3.  Aging

The older I get, the more I love myself and my life.   Each year now means I am able to learn, grow, witness life renewed from the viewpoints of my daughter, my niece and nephew, and the children of my friends.  It is magical. Getting older is a gift.

4. Compliments 

Since finding my support group and understanding my value as a woman, mother, and human, I have learned that I positively glow when given a compliment.

Now that I am learning that I can create incredible friendships with women from all backgrounds, walks of life, and life goals, I want to give that feeling away.  I want women to glow.  I want women to love themselves.

Today I walked down the sidewalk with my dad and my daughter and crossed paths with two young people in ratty jeans, wallet chains, dark make up, and pretty sour expressions.  One of them wore an ironic sweatshirt that had a kitten and some saying that was funny (I’m sorry I can’t remember…something to do with Jaws) and very quickly I said for her to hear, “I really like your sweatshirt!”  and kept walking.  Her friend burst with a huge smile and looked back at me with a “thumbs up sign.”

It was free.  It was true. It was easy to do.

Do you like that bag she carries?  Tell her!  Hairstyle?  Blouse? Nail polish?  Tell her!

If you are a woman in labor or freshly delivered, I hope you are surrounded by people that will tell you how great a job you did, that you were so incredible.  That you were strong, and brave.  That your body is amazing and you are absolutely perfect for the baby you nourished through pregnancy.  And by the way, you look beautiful!

 

5.  Chose to love myself anyway

After I had my daughter, I came  up against myself in the mirror, without my clothes on, starring at my flabby, deflated body that had just given birth.  Who the hell was this woman?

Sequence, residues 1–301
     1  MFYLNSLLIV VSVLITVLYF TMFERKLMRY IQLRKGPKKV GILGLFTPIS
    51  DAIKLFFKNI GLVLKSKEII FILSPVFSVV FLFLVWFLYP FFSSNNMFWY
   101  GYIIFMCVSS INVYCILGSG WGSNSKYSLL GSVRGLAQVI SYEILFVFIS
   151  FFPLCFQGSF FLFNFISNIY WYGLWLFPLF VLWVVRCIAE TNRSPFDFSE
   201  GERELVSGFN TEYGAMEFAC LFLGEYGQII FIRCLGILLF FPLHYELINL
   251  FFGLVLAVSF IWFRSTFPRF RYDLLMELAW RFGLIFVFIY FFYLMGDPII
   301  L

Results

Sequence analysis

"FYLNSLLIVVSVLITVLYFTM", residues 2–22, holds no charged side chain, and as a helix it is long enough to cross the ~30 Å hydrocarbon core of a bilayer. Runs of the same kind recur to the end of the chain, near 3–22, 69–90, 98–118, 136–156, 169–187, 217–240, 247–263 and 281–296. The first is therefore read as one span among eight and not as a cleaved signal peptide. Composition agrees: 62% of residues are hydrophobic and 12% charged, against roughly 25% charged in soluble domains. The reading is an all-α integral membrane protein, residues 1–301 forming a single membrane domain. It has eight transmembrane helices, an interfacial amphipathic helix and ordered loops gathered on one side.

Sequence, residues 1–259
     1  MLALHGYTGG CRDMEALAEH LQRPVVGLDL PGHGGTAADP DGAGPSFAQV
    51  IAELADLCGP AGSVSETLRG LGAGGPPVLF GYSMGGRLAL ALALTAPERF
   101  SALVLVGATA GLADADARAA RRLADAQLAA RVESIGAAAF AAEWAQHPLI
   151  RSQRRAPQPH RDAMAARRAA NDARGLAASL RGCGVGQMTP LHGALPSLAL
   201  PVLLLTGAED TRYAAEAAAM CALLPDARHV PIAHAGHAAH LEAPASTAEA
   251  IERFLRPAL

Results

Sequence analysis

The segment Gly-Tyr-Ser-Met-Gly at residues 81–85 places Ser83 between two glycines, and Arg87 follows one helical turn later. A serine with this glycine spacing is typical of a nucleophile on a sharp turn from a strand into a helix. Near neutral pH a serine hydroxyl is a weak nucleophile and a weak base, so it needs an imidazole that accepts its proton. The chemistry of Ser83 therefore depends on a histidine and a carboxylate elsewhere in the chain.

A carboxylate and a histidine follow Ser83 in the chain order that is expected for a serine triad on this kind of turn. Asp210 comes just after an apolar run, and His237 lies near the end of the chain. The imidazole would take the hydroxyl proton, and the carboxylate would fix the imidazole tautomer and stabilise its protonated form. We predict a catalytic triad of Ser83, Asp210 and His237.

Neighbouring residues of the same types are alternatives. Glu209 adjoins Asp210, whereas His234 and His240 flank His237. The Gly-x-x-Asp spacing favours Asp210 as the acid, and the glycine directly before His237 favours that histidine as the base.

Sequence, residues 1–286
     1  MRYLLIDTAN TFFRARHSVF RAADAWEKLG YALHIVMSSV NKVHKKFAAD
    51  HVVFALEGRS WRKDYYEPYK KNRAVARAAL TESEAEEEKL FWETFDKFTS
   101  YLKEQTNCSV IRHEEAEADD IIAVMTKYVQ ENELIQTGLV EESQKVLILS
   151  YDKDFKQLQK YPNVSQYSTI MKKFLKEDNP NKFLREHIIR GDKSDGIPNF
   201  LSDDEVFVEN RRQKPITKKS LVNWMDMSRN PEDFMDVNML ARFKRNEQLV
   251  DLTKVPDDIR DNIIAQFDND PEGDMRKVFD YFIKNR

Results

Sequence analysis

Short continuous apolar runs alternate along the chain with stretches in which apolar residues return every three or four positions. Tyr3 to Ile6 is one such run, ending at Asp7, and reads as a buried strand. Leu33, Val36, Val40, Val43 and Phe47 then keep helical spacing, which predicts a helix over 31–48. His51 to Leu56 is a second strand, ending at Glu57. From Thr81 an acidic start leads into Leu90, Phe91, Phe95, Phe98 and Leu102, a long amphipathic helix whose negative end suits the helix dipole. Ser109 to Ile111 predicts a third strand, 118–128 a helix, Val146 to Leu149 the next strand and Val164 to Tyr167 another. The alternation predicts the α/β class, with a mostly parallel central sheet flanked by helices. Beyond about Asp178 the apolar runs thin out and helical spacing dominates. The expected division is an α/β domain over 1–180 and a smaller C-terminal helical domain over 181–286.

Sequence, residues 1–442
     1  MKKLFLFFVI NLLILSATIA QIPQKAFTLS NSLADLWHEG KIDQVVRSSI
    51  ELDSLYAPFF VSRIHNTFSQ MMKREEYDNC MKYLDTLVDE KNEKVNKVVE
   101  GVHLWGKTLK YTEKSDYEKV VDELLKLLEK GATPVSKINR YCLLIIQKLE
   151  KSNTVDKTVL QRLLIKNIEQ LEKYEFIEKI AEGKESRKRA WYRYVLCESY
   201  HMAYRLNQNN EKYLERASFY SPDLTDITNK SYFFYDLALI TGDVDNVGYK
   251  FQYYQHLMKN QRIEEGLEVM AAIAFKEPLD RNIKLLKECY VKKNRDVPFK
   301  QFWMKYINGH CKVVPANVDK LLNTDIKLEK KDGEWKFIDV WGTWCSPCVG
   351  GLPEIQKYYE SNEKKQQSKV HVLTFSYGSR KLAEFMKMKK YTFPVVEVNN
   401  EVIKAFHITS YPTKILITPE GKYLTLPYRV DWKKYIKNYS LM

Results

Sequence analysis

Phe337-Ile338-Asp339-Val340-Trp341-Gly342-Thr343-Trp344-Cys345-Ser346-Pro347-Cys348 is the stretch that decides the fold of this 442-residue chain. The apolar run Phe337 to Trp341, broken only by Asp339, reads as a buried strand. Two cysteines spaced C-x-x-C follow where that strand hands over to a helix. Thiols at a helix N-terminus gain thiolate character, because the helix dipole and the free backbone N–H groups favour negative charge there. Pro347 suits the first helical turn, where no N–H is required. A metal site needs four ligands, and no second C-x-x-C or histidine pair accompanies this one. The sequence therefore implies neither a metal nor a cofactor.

I  have stretch marks.  My eyes have dark circles.  My emotions are right there covered in breastmilk.

WTF?

In the  next two years, I would look and look and look at that body.  And so would my daughter.  She would look at me getting dressed, and unabashedly poke at my stomach and ask what happened.

You were born.  You lived there.  You were inside me. 

I told her those marks meant her mother was strong.  That her mother was brave.  That her mother could do anything.  A phrase that soon turned into our motto and she repeats to herself when she feels unsure or afraid…

“I am strong.  I am brave.  I can do anything!”

I am choosing to love myself despite myself.

It is a crossroads that I don’t think anyone can help others face or go down.  But I know that I had some incredible women who were present with me when I faced hard things.

They helped me say hard feelings out loud. Women who know that compliments go a long way to break the mirror of self-deprecation until I could build myself up myself.

Doula work is so much more than hip squeezes and counter pressure.  I am a woman’s woman.  I want you to love you despite how you may feel.

And by the way, I love your shoes.

Authored by Ariel Swift